Cross vocational ministry is my invented term for what was once called bi-vocational ministry.
I prefer the term cross vocational because the ministry leader has an everyday, normal job and a ministry calling which are constantly crossing over one another. At times, the day job is the primary focus and at other times, the ministry role is primary. The cross vocational minister is constantly attempting to balance the two.
I also like the idea of “cross” vocational in the implication of Jesus Christ, who went to the cross, dying for sin, making a bridge for mankind to “cross” over from death to life.
In recent days, my day job at Campbellsville University has become quite a bit more demanding. After seven years of full-time teaching faculty, I have now taken on a role in academic administration in addition to teaching. Whereas faculty members have flexibility in their weekly teaching schedule, academic administration is more of a 40 hours per week, 8 to 5, kind of job.
What I am now facing is what most cross vocational ministers have faced for years. They work a full-time job, then switch, or cross over, to the ministry in early mornings, evenings and on weekends. The time demands are pressing when it comes to sermon preparation, church leadership, communicating vision, and attempting to perform some level of outreach and pastoral care.
The main lesson I am learning in balancing these demands is that organization and preparation must be way in advance. Time is limited in a full daily schedule, therefore the cross vocational minister must use every free moment to be planning, preparing, and working far in advance.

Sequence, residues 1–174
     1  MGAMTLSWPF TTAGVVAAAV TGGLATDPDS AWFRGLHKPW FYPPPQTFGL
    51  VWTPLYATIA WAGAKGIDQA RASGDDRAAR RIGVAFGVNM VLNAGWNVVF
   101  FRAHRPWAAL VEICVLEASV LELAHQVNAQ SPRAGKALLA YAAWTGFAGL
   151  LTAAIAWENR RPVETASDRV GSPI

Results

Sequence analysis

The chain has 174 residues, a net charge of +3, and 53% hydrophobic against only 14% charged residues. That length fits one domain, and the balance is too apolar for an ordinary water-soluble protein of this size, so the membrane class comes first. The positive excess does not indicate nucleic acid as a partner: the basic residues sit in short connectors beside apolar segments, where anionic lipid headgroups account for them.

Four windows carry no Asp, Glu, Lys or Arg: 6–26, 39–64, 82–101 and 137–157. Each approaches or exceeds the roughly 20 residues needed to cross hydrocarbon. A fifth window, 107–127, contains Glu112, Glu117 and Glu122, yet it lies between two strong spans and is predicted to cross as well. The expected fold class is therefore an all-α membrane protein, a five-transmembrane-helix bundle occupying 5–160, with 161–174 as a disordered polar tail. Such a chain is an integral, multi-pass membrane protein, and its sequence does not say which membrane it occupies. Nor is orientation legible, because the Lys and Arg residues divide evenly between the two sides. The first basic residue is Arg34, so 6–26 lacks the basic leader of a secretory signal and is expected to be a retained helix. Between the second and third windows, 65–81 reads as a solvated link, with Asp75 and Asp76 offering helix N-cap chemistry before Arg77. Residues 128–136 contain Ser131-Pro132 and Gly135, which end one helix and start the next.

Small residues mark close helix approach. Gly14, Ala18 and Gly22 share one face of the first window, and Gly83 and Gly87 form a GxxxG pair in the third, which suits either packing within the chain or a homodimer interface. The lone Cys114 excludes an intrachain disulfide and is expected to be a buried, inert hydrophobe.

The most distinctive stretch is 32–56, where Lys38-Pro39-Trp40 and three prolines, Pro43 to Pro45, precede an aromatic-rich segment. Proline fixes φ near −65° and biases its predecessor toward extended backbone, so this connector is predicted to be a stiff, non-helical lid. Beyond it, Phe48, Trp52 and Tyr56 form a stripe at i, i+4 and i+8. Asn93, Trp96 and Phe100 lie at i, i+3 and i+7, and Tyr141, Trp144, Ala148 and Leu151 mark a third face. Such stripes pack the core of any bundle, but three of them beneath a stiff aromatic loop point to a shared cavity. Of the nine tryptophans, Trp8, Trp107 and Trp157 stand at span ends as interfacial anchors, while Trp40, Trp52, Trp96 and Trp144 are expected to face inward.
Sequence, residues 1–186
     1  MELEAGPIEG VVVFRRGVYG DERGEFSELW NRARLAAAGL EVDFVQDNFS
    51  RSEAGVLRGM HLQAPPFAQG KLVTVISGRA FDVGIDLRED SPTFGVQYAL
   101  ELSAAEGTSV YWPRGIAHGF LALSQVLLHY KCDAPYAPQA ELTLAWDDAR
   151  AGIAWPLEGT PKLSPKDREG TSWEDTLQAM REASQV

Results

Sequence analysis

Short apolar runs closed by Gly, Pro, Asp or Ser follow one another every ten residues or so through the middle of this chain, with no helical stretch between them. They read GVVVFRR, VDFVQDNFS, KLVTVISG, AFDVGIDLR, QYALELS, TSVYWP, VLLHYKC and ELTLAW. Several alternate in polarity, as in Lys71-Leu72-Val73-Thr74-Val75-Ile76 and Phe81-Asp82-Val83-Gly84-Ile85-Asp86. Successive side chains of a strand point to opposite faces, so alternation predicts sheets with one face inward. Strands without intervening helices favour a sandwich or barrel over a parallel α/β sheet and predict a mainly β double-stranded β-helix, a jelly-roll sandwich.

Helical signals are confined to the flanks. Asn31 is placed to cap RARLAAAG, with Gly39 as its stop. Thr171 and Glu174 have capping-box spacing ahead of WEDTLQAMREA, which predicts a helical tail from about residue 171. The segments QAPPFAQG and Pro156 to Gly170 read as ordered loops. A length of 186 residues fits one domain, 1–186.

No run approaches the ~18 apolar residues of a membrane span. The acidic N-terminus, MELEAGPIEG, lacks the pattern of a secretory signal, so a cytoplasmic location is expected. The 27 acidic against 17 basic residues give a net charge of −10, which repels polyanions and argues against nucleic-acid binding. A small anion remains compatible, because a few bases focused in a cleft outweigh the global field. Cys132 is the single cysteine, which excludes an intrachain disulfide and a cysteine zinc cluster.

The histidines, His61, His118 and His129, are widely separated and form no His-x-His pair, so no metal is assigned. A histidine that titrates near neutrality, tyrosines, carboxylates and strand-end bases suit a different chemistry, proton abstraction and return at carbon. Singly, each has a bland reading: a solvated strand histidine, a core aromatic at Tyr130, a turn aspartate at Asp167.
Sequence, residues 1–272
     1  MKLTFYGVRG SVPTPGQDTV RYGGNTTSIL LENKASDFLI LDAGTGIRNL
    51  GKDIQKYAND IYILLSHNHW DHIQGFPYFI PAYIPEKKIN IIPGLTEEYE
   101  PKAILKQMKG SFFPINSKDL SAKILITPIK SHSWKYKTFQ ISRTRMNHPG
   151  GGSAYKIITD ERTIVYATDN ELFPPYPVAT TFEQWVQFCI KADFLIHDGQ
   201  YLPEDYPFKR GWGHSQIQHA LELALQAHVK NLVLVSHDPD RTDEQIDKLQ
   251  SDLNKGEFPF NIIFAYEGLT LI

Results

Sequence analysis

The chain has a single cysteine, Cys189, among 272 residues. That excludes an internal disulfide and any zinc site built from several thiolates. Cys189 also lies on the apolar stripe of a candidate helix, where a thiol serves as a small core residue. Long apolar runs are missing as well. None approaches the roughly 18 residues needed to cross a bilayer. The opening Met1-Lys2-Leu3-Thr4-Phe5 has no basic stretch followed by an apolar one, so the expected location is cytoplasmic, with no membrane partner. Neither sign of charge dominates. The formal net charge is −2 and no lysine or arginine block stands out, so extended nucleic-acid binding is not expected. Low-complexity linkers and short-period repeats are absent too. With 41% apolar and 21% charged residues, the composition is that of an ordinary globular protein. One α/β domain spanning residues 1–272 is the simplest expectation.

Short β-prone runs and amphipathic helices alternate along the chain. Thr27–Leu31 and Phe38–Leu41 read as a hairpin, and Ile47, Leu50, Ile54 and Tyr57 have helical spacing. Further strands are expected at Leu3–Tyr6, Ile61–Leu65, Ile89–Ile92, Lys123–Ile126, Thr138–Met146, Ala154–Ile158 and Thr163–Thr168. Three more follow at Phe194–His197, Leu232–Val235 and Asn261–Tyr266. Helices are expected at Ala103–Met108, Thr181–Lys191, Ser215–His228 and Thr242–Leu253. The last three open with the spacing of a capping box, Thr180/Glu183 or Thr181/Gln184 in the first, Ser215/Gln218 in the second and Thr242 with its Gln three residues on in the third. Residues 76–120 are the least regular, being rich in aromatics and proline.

You never know when your schedule is going to change at the day job. You might be called in for training or need to make a business trip or be given an assignment that must be finished by Friday. In order to meet these demands and the ministry tasks, you have to utilize every tool available to be organized, prepared and focused.
Here are some tips I’ve gathered for organization and preparation in cross vocational ministry.
1. Use your breaks wisely such as Christmas break, spring break, or long holiday weekends. Use these extra days off to plan ahead. I know there are other things on your agenda, but this “free” day might be enough to prepare several sermons or put together a major outreach effort.
2. Be constantly taking notes and jotting down ideas. Use your smart phone or iPad to track thoughts that might come at the gym, on the road, at a lunch break, or even in the shower. Carry a ministry journal with you everywhere working on upcoming sermons or to-do lists for ministry projects. Pack a few blank note cards with you and when you are waiting for a haircut or a doctor’s appointment, write a note to a new member or a family that is struggling.
3. Communicate using web-based tools. Use group emails, group texts, and group document sharing tools to keep everyone in the loop. The more you communicate digitally, the more your team (who is probably cross vocational as well) will be able to do their work without a face to face meeting. Social media and email can also help you connect to the wider church family without being “physically” present for everything.
4. Plan worship services collaboratively using Planning Center Online (planningcenteronline.com). If you are the primary teaching pastor (as I am), use Planning Center Online to let other worship leaders including your worship minister, media team, vocalist, ushers, etc., know what you are planning far in advance. You might not get the opportunity to do a sit-down worship planning meeting, but at least they will know where you are going and what you are expecting weeks (or months) in advance.
I plan on writing more this week about cross vocational ministry and several new implications for this type of ministry in the days to come. From all indicators, cross vocational ministry is going to intensify and grow in the coming decade.